The Unassuming Origins Behind Bruce Willis' Signature Die Hard Scene

It's always great when a movie is quotable, when you can take catchy lines from a film and repurpose them to fit into your own daily life. Most likely, at one point or another, you have found yourself, in a moment of disorientation, telling someone, "I have a feeling we're not in Kansas anymore!" Or perhaps, you've passionately whispered, "My preciousssss..." while coveting something you've long desired. If you've felt like pulling a Jack Dawson while sailing on a boat, you've definitely stood at the bow of a ship and screamed, "I'm king of the world!" — most likely to everyone else's displeasure. 

My point is that movie catchphrases are incredibly important to fans, and oftentimes for the people making the movie, there's no telling just what single, specific line audiences are going to love the most. At least, that's the case with John McTiernan's "Die Hard," a movie chockfull of deliciously quotable one-liners with one among them that stands out above all the rest.

A franchise catchphrase is born

In the iconic scene where John McClane and Hans Gruber communicate with one another via walkie talkie, Gruber tries unsuccessfully to guess just who exactly McClane really is. Their back and forth banter is infectious to watch, and at one point, Gruber asks McClane if he's "just another American who saw too many movies as a child" and so now he "thinks he's John Wayne." McClane sassily corrects him, telling him that he was more of a Roy Rogers fan than anything. "I really liked those sequin shirts," he taunts. And then just before evading one of Gruber's henchmen, he whispers into the walkie, "Yippee-ki-yay, motherf*****!" And just like that, a catchphrase is born.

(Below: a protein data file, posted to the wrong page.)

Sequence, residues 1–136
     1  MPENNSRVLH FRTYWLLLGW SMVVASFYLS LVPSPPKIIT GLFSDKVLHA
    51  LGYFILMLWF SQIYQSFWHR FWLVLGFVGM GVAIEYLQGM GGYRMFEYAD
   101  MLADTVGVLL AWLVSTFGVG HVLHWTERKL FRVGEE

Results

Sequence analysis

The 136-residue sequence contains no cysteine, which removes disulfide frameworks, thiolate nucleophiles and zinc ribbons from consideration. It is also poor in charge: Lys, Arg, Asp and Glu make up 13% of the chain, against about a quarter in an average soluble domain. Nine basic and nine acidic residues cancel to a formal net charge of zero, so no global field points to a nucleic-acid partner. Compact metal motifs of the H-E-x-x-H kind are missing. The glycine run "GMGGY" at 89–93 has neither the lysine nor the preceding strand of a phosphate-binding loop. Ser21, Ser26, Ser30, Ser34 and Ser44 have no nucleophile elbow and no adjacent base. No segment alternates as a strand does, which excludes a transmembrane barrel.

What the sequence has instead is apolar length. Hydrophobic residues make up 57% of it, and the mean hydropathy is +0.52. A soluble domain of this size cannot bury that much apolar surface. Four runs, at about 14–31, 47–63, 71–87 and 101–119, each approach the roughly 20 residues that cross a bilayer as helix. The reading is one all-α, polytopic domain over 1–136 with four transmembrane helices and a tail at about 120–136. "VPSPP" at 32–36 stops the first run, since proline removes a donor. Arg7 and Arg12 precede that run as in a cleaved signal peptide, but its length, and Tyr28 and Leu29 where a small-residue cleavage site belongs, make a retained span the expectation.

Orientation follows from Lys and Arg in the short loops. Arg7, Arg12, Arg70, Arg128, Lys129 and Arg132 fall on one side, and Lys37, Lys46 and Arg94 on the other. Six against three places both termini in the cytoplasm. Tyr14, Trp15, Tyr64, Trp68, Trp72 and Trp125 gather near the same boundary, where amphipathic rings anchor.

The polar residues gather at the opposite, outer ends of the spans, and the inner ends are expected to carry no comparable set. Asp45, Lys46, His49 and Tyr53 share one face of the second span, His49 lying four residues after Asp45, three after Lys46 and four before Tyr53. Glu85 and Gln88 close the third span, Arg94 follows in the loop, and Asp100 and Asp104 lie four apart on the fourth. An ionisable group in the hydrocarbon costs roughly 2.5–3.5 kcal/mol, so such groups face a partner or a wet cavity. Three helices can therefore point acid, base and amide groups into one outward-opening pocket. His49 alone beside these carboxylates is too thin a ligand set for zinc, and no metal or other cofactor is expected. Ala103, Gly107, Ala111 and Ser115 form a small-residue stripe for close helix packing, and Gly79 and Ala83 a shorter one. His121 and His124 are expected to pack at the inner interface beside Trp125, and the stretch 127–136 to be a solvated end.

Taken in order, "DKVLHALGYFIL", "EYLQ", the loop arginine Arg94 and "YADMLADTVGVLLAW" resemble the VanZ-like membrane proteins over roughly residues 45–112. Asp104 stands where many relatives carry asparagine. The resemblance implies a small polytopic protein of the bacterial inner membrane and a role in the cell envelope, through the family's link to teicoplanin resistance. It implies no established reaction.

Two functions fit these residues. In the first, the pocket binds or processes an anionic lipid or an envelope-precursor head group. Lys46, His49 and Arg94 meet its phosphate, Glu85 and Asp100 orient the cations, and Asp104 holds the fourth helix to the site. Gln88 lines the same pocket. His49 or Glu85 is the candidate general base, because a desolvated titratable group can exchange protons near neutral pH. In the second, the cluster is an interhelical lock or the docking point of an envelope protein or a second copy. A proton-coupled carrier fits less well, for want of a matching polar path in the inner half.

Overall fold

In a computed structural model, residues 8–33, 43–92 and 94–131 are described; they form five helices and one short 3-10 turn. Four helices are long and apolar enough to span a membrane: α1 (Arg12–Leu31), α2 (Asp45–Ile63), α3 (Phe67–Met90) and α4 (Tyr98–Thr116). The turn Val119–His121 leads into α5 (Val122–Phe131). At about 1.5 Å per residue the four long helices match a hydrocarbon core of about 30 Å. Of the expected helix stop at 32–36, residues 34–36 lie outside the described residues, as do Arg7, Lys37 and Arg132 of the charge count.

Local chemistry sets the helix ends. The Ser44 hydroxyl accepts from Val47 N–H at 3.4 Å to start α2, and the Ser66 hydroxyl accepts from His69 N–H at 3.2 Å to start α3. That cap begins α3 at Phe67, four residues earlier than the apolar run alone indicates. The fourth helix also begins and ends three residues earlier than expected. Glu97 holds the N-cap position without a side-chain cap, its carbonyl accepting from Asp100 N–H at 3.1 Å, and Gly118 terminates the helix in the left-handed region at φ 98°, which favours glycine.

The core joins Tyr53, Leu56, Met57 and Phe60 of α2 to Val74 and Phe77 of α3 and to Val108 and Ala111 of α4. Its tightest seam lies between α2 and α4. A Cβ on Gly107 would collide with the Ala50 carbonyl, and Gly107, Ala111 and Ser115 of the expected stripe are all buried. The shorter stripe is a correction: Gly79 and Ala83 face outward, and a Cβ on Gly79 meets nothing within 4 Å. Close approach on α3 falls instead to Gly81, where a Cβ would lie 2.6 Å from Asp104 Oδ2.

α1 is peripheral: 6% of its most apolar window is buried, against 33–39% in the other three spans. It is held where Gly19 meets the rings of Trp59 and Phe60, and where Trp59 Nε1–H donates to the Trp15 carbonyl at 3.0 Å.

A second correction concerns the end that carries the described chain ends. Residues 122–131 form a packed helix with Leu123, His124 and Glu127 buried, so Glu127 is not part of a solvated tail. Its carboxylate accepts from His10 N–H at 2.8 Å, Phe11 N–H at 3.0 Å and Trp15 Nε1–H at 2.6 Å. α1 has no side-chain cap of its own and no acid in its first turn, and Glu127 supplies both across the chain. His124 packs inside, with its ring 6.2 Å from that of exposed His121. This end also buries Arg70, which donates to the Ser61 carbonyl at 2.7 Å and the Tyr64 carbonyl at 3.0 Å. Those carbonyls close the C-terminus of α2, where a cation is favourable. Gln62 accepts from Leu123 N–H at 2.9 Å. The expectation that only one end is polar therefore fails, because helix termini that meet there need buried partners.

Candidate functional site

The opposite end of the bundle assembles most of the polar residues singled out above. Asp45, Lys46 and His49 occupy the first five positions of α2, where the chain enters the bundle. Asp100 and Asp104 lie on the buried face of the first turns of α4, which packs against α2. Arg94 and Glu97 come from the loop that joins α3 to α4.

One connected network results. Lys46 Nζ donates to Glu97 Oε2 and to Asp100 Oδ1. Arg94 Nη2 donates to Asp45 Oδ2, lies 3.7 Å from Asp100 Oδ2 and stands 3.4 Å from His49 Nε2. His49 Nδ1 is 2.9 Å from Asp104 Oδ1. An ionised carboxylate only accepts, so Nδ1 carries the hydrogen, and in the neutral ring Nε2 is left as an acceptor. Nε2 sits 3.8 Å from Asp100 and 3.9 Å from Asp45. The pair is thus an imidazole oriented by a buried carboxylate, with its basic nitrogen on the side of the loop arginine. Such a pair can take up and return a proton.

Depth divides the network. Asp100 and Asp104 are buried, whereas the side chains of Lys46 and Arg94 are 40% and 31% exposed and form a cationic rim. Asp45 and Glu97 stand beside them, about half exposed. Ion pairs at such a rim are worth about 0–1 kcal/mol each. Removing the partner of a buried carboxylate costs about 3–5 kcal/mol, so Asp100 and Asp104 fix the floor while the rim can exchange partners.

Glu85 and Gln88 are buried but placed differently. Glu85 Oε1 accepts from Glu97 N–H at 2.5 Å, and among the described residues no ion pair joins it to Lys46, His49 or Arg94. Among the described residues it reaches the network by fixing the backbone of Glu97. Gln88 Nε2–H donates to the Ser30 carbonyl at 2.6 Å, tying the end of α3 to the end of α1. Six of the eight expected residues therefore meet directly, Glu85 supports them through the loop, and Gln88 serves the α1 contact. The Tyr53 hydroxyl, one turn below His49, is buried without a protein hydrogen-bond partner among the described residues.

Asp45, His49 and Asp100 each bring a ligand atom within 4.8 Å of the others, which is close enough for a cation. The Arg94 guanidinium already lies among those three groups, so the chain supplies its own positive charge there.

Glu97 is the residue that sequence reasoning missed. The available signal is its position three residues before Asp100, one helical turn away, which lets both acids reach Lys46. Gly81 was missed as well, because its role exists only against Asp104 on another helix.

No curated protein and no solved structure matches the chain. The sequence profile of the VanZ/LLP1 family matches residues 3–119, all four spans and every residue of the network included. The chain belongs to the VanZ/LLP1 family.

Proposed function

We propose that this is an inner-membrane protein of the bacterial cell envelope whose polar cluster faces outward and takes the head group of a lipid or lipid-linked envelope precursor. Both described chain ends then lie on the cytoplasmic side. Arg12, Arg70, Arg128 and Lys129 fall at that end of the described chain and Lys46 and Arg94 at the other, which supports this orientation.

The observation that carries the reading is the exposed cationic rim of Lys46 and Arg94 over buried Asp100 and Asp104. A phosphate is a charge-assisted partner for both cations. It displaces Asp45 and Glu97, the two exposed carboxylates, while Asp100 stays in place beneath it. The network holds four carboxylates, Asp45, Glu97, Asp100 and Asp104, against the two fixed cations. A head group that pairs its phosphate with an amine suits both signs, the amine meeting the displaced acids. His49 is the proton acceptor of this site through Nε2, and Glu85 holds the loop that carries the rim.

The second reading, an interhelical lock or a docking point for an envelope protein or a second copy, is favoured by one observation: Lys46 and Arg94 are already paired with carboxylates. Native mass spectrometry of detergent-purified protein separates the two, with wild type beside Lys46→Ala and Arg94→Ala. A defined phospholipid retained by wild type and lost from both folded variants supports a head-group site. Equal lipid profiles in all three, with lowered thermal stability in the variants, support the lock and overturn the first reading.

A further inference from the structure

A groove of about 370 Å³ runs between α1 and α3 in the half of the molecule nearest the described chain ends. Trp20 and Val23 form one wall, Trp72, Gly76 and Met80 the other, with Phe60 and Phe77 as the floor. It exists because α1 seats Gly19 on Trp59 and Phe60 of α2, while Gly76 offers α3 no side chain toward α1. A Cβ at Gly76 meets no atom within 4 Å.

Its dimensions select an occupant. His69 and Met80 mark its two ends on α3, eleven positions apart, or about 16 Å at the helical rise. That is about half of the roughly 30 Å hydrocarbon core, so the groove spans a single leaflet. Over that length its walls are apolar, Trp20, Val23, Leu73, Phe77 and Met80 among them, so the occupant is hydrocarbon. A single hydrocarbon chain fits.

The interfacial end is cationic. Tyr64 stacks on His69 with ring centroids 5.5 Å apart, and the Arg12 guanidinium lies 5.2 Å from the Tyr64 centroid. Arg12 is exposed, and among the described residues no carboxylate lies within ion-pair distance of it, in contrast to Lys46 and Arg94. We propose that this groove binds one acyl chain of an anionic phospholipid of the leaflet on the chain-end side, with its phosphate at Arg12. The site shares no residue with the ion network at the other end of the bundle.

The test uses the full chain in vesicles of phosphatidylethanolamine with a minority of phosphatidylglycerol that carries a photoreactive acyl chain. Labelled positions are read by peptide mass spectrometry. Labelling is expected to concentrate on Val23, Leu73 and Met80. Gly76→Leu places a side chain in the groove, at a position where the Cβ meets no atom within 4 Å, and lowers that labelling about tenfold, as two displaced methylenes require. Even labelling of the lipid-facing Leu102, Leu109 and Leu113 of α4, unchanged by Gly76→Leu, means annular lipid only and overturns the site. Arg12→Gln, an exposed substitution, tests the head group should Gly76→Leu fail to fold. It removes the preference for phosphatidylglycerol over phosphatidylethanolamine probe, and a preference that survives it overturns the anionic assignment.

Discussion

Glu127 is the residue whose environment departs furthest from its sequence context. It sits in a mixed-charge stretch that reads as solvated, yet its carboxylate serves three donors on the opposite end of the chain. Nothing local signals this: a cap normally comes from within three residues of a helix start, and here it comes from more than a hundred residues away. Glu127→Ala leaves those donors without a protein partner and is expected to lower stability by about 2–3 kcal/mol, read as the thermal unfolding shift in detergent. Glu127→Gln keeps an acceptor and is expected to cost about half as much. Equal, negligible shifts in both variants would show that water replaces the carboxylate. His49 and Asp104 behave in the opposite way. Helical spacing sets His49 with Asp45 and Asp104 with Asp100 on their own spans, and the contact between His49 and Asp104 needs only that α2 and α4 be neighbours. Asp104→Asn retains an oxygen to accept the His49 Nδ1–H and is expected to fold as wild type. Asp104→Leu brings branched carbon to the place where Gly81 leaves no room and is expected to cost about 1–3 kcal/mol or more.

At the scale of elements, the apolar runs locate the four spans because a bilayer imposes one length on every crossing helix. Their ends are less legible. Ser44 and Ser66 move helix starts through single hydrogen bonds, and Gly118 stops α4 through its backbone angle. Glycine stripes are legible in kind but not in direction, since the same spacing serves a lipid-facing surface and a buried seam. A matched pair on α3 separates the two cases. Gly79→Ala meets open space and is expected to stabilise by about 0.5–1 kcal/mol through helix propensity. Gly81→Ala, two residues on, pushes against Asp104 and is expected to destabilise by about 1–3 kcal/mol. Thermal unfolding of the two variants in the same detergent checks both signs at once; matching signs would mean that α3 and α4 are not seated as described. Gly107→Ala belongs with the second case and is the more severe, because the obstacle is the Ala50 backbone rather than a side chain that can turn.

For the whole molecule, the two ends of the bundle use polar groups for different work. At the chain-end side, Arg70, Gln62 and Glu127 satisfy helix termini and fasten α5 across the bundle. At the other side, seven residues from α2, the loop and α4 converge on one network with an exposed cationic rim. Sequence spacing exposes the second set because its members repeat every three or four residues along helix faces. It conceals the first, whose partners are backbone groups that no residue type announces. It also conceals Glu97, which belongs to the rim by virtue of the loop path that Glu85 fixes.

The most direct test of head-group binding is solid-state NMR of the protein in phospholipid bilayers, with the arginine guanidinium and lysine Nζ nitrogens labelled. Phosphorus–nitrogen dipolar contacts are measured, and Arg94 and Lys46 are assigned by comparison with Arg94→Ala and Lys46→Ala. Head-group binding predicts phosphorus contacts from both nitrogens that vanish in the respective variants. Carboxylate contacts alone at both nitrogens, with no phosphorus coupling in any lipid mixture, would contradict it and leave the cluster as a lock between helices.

Screenwriter Steven E. de Souza spoke with Creative Screenwriting about how this iconic scene came to be. It turns out that both he and Bruce Willis were fans of Roy Rogers when they were young, and Rogers's famous catchphrase was always "Yippe-ki-yah, kids!" Wanting to include this somehow in the film, the line was altered a bit and put into the script. "That line was from me," says de Souza, taking credit for the brilliance behind one of the best moments in "Die Hard." 

De Souza also talks about the popularity of this now famous line. He says, "Whenever you think you're writing a line that's going to catch on, it never does," going on to explain that once the movie is released to the world, it's out of the writer's hands. "The audience decides what is the takeaway line," he says. And decide they did because Willis's perfect delivery of that famous Roy Rogers quote — albeit embellished a little for the adults in the room — has become one of the film's most memorable moments.